One of the more interesting future filter scenarios is a high difficulty of traveling between the stars. As we can easily see across the universe, we know that photons have few problems traveling very long distances. And since stars drift about at great speeds, we know that stars can also travel freely suffering little harm. But we still can’t be sure of the ease of travel for humans, or for the sort of things that our descendants might try to send between the stars. We have collected a few grains of interstellar dust, but still know little about them, and so don’t know how easy was their travel. We do know that most of the universe is made of dark matter and dark energy that we understand quite poorly. So perhaps “Here Be Dragons” lie in wait out there for our scale of interstellar travelers.

Many stars, like ours, are surrounded by a vast cloud of small icy objects. Every once in a while one of these objects falls into a rare orbit where it travels close to its star, and then it becomes a comet with a tail. Even more rarely, one should fall into an orbit that throws it out away from its star (almost always without doing much else to it). Such an object would then travel at the typical star speed between stars, and after billions of years it might perhaps pass near one other star; the chance of two such encounters is very low. And if the space between stars is as mild as it seems, it should arrive looking pretty much as it left.

Astronomers have been waiting for a while to see such an interstellar visitor, and were puzzled to have not yet seen one. They expected it to look like a comet, except traveling a lot faster than do most comets. Well within roughly a year of a new instrument that could see such things better, we’ve finally seen such a visitor in the last few months. It looked like what we expect in some ways. It is traveling at roughly the speed we’d expect, its size is unremarkable, and its color is roughly what we expect from ancient small space objects. But it is suspiciously weird in several other apparently-unrelated ways.

First, its orbit is weird. Its direction of origin is 6 degrees from sun’s motion vector; only one in 365 random directions are closer. And among the travel paths where we could have seen this object, only one in 100 such paths would have traveled closer to the sun than did this one (source: Turner). But one must apparently invoke very strange and unlikely hypotheses to believe these parameters were anything but random. For now, I won’t go there.

Second, the object itself is weird. It does not have a comet tail, and so has apparently lost most of its volatiles like water. If this is typical, it explains why we haven’t seen objects like this before. The object seems to be very elongated, much more than any other natural object we’ve ever seen in our solar system. And it is rotating very fast, so fast that it would fly apart if it were made out of the typical pile of lightly attached rubble. So at some point it experienced an event so dramatic as to melt away its volatiles, melt it into a solid object, stretch it to an extreme, and set it spinning at an extreme rate. After which it drifted for long enough to acquire the usual color of ancient space objects.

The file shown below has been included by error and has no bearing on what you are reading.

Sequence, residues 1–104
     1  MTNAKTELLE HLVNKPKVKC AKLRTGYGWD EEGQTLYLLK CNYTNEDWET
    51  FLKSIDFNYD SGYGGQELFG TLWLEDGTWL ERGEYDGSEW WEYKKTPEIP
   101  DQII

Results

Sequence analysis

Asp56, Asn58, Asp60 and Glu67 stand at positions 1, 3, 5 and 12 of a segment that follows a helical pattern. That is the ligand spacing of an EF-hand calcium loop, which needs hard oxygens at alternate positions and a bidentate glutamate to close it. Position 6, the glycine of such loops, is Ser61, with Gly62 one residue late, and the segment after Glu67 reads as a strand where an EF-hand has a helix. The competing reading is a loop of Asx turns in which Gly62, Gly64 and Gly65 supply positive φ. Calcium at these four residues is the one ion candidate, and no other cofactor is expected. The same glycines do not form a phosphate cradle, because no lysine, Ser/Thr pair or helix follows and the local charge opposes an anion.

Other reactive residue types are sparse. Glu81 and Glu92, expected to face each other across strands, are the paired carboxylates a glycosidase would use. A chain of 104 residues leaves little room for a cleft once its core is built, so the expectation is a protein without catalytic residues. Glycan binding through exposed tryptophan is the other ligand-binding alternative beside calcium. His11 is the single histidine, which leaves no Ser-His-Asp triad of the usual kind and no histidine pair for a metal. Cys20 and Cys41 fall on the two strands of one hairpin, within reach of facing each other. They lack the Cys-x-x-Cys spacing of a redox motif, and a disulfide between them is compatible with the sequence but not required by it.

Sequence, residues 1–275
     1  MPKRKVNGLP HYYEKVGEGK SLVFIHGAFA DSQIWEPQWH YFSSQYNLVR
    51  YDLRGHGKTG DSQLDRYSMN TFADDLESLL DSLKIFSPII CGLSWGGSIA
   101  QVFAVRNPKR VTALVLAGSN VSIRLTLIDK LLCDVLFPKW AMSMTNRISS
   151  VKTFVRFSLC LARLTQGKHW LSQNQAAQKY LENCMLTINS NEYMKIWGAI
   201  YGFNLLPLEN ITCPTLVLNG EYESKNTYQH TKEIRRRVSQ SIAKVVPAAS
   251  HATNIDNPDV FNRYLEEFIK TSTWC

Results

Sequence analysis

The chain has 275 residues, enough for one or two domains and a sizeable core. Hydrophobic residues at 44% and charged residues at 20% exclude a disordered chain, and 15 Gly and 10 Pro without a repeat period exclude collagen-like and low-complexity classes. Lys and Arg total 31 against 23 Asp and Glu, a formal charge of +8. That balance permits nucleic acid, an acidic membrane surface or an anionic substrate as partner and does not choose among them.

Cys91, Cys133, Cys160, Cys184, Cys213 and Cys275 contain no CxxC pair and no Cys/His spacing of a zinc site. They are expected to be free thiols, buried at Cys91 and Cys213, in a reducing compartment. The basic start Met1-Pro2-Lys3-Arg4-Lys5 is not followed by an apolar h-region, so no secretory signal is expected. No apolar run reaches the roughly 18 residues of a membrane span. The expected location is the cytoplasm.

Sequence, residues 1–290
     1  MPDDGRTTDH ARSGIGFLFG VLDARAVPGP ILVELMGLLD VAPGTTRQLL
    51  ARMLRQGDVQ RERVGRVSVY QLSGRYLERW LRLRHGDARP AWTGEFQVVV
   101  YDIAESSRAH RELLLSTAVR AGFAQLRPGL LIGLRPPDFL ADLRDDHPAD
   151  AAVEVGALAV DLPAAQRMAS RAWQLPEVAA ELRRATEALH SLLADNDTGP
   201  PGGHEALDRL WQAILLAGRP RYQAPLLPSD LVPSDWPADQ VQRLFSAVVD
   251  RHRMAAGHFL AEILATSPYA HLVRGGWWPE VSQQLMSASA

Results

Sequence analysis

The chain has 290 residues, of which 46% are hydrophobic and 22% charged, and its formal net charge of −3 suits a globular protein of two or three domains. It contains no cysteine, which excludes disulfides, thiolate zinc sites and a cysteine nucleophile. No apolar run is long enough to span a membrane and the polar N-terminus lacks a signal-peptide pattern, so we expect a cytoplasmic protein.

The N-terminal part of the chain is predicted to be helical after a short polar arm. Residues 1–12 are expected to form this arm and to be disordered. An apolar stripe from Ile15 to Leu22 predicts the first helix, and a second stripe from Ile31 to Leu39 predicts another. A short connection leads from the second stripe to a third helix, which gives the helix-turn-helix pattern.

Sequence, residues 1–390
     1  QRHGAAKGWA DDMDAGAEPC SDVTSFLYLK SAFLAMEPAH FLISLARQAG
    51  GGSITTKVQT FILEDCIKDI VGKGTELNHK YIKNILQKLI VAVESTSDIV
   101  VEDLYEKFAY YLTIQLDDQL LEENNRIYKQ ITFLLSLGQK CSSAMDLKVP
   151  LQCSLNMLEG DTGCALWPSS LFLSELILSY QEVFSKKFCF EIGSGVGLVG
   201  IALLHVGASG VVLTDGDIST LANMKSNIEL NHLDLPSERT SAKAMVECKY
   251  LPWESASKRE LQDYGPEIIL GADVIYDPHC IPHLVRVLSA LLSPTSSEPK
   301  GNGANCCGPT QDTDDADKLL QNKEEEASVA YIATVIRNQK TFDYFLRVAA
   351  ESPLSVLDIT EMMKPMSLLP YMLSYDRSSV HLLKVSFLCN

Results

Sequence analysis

This raises the suspicion that it perhaps encountered a dangerous “dragon” between the starts. Making it “dragon debris.” If the timing of this event were random, we should see roughly one a year in the future, and with new better instruments coming online in a few years we should see them even faster. So within a decade we should learn if this first visitor is very unusual, or if we should worry a lot more about travel dangers between the stars.

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Join The Debate

If you’ve laughed at “X is not about Y”, now is the time to take it seriously, as an equal.

Over the years, many seem to have found my “X is not about Y” arguments to be enjoyably mockable. As if I would be equally likely to say “Toasters are not about toast” or “Napkin holders are not about napkins.” Which seems to suggest that while my claims might be important if true, they are too silly to take seriously.

Now I don’t mind people having fun, but I do worry about the human habit to dismiss as unworthy of attention things that have been wittily mocked. (See the movie Ridicule.) If you worry about that too, and if you’ve at least smirked some at “X is not about Y” jokes, then perhaps I can appeal to your guilt or concern to take the time now to engage the argument.

Because as of today, you can download from Kindle for $22 (or Google for $14), the readable and carefully argued book The Elephant in the Brain: Hidden Motives in Everyday Life. by myself and Kevin Simler.

Now publishers and the media usually coordinate to talk about new books near the day when hardback copies are officially released. Which for our book is January 2. Usually ebooks are also withheld until near that date. As a result, usually the only people who can say much about a book at its official release date are elites who have been given special access to pre-release copies. Those who talk about a book weeks or months later are clearly revealed as less elites, and get less attention.

But now for our book all of you can participate more as equals in that release date book conversation. If you read our book now, and then publicly post a review or engage our argument near the release date, and indicate that you’d like us to publicly engage your response, then we will try to do so. When time is limited we will of course focus more on responses that we think are better argued. But we will try to engage as many of you as possible, without giving undue priority to media and other elites.